"Creation is a cycle, just like agriculture. You sow, you reap, you sell. But you can't do all at once! It's the same for creation. You can't promote while creating; the objectives aren't the same. Otherwise, it becomes dangerous to create work solely to make a selling product, and that's not my approach at all."
January 31st, 2017. The Quai Des Brumes -- St-Denis corner Mont-Royal -- has announced its last call fifteen minutes ago. The lights flick on in the bar, curtains fall on graphic designer and illustrator Marin Blanc's month-long exhibition. It's time to gather personal belongings, perhaps grab a bite on the way home and hail a taxi to fall asleep after another blurry night. This week's Artful Vision relates Montreal-based artist Marin Blanc's lifetime love affair with art, creation and collage -- the part one perhaps missed in the blurriness...
Brought up in a creative family, Marin Blanc's passion for the arts was certainly never frowned upon. If anything, it was always encouraged. After graduating from CEGEP in graphic design, she quickly started working in her field of interest. "I'm a graphic designer. It's a bit like the money-making side of art in the sense that's it's often considered as being a profession -- more so than being an artist." Her formative years in a commercial agency, however, made her reconsider her choices, in search for something closer to her aspirations. "I'm clearly made to work within the cultural side of arts, and I try as best as I can to work for that type of client. It's not where you'll find piles of money, but it's where I enjoy what I do," Marin Blanc explains. Though she can often work from a blank canvas, the Montreal-based illustrator is far more stimulated by constraints, hence a fan of starting projects from her clients' ideas. Nonetheless, the primary challenge remains the same: projects often tend to roll in at a self-doubting moment, requiring a massive amount of control over anxiety. "The doubt and anxiety will perhaps never leave. The important thing is to stay true to your values," continues Marin Blanc. "My number one goal when I create an image is that it fits perfectly with the music or the subject. Whether it looks good or matches my personal taste, that's not the point."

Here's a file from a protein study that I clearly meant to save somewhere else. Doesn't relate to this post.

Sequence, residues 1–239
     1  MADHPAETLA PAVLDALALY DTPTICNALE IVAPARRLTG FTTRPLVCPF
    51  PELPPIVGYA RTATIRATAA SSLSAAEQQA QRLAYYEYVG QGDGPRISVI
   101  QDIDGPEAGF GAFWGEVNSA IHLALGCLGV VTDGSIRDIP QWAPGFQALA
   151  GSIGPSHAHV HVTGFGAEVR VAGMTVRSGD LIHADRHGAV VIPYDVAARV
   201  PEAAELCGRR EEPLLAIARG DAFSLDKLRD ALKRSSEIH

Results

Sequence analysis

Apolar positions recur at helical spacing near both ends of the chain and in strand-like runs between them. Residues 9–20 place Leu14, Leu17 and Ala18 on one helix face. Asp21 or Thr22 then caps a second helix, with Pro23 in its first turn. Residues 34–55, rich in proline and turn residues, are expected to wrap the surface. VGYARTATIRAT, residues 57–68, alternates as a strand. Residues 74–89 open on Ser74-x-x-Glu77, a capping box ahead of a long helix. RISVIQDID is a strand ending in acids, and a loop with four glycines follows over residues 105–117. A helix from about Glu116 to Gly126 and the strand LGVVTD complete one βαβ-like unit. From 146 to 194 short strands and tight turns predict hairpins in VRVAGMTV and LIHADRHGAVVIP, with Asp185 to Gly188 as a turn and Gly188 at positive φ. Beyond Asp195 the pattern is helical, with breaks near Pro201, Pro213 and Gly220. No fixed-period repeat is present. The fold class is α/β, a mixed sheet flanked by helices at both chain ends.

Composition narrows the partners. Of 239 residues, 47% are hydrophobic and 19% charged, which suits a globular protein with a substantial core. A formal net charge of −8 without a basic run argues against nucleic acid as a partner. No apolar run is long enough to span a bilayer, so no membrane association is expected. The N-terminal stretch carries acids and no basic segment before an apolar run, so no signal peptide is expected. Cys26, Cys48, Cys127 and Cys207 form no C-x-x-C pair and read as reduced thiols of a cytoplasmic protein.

Speaking of perception, the Montreal artist -- also known for 2016's FrancoFolies promotional posters -- perceives visual art as a form of discussion between shapes. Using collage as a preferred technique, she expresses herself through the "lines and curves we see without noticing," "the details often missed," negative spaces, and works off shapes rather than the shapes' meanings. "2016 was an introspective year, a time to "dissect" my thoughts, patterns and my "why's", but also a year to come out and slowly stop hiding behind my pseudonym." If you had the chance to see Marin Blanc's exhibition at the Quai Des Brumes or checked out her 2017 calendar "Deux Mille Dissèque", you probably noticed a slight change in the colours she used. Much more honest and vivid than the year prior, they fall in line with her proudly standing behind her artist's name. My question to you is, if Marin Blanc's shapes and collages could talk, what would you hear?
Marin Blanc, Montreal-based graphic designer and illustrator, for this week's Artful Vision.